Sonic Sitka Q&A for 20 Grit Guitars

Luthier Facts :
Name: Steven Fragale
Location: New Jersey, USA

Status?: Currently Active
Note: (RIYL) Recommended If You Like

What attracted you to the Sonic Sitka Project?

At the A.S.I.A. conference this past June Denis Merrill gave a lecture on the 21st century guitar. This was my first experience in the luthier community and my first real lecture. I wasn’t sure what Sonic Sitka really was but I knew I wanted in. Denis’ energy was infectious and by the time his talk was over I was ready to build guitars with everything I had. I approached him several times at the conference but was continually shooed away (in the most pleasant way possible) while the big luthiers signed up and got their sonic materials. After I brought him a guitar I had built, he paid a little more attention. His eyes scrutinized every surface before his hands did the same. He began to play and listen to the instrument. I thought for sure he was just going to hand it right back and say something polite. With his eyes closed he played for 10 minutes. I was feeling judgement with every note anxiously awaiting a verbal reaction, some sort of hopefully constructive criticism. Finally after letting a few harmonics ring out he handed me the guitar and a sonic sitka top and said,”This is my favorite top, it’s yours if you can build a guitar for the Newport show.” I am honored to be a part of this project and can’t thank Denis enough for bringing in a freshman like myself into such a wonderful project and community.

Has this project changed/challenged your approach to guitar building?

I studied with a very talented luthier, Rich Lipscher, focusing specifically on archtops. Since that experience in Baltimore, I’ve been developing my skills on flat tops. Design is a critical element that I am always trying to push myself on. So when SSP (sonic sitka project) came my way I wanted to take everything I had learned and build the best instrument I possibly could. I wanted to make an instrument that was unique for this project with several elements being key. The headstock logo is done using sitka scraps from the top. The fretboard is a hybrid ebony/ rosewood piece. The sound hole was split into 3 ports with the same surface area of a traditional sound hole. The ebony rosettes are decorative but reflect the players right strumming hand. All parts were designed for the whole of the instrument both sonically and aesthetically.

Should people care about this project?

It shouldn’t be as high a priority as global warming, or over due rent but, for those interested and excited about the innovation of guitars this is going to set the standard for large scale collaborative efforts. Did I mention that I think it’s the coolest thing and that I haven’t stopped talking about it for the past year.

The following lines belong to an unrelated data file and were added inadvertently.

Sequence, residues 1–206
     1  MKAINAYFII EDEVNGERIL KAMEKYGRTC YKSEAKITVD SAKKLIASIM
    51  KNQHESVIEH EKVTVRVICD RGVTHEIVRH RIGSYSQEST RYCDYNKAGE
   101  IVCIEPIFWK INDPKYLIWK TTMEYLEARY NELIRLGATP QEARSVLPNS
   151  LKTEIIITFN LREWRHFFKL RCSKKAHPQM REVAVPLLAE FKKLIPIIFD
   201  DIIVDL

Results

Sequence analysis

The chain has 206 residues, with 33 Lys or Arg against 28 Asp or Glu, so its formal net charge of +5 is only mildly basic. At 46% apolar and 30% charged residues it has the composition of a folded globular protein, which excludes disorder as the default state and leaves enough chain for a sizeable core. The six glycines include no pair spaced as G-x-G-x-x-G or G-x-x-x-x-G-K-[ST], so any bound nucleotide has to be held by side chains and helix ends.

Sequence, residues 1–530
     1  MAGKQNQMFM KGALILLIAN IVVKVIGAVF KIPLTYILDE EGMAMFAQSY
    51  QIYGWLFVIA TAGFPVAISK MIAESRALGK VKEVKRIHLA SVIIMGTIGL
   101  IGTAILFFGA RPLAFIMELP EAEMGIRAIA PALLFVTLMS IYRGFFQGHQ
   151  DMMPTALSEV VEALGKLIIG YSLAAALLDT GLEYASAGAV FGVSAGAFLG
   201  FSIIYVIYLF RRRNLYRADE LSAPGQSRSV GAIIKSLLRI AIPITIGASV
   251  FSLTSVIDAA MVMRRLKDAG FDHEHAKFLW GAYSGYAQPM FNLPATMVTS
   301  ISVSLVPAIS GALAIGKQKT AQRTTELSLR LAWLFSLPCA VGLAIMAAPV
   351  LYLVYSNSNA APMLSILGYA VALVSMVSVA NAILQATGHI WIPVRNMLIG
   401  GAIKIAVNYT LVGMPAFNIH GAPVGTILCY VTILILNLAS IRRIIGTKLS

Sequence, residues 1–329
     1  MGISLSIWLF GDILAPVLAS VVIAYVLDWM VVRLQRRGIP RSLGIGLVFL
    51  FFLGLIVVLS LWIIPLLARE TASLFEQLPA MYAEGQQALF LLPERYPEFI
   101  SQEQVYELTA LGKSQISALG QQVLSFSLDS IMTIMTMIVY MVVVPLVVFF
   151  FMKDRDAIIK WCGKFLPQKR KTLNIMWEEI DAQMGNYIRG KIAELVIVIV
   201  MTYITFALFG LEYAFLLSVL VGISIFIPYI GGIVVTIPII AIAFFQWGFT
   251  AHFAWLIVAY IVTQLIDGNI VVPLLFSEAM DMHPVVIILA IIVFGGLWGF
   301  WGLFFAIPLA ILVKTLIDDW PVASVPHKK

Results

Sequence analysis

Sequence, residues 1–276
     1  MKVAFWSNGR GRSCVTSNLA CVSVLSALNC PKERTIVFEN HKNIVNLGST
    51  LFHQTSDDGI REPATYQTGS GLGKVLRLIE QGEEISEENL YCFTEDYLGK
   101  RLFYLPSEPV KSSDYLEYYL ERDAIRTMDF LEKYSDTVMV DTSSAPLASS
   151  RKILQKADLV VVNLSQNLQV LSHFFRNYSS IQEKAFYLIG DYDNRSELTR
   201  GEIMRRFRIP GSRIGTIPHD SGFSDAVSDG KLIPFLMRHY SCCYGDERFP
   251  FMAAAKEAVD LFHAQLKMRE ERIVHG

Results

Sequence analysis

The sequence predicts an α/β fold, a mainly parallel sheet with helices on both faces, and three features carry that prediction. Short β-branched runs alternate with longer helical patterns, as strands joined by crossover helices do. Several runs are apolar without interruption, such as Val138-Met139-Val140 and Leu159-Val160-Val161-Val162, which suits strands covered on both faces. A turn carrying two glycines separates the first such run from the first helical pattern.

What are you learning from your participation in the Sonic Sitka Project?

I have had an opportunity to talk with some great luthiers and helpful people getting ready to exhibit at Newport. I’m learning things like have aprons for people to put on while playing your guitars so their shirt buttons don’t leave road rash on the back. I’m learning how to manage a small business, get an LLC, run a website, make contracts, get clients, etc… I’ve learned how to talk with popular artists about projects and how to pretend your up at 5 a.m. when a guitar player on the west coast calls you back after a gig. I’ve also learned that my grandmother Josephine is the best PR person for a company ever. She is the only 92 year old I know that has put a 20 grit guitar in the hands of Stevie Van Zandt. That was a great visit with Mommom! I thought I was years away from shows and sales but sonic sitka has made me step up my game and really get moving.

What do you hope to learn from looking at the data collected over the next couple of years?

I don’t know what to expect. That’s the part I’m exited about. As luthier’s we will hopefully see how variables effect the tone of an instrument over its lifespan. We all started with nearly the same top but between back, sides, fretboards, nuts, saddles, glues, finishes, and our own two hands (not to mention different body shapes) everything else is different. What are the relationships that make these guitars similar in tone and response and obviously different? How does the guitar change over time sonically? There are so many questions and I’m not familiar with the sonic testing process. I’m looking forward to seeing how they are tested and what initial results look like as an indicator for future testing. Most importantly, I’m excited to see how this experiment brings together a group of luthiers and how those relationships grow over time. (probably because I am a new guy and want to meet everyone.)

Do you anticipate collaborating more with other project participants on new designs or refinements?

I think collaboration is great and a great way for this industry or artform to grow and develop. I would love to work with more people to solve design ideas. It is going to be a big part of guitar growth. I am only one person with so much knowledge. If I bring 10 people in on a project, a product designer, computer engineer, a farmer, and a professional non-profit genious, among other random people,what is obtained? How can we as a team develop a guitar with so many different perspectives to achieve something truly unique? I can’t wait the more we work together the more we achieve.

How important do you think using “alternative” or “sustainable” woods is going to be within the next ten years?

Critical. Absolutley critical. Even right now not just in the future.

Pictures ©2009 Steven Fragale

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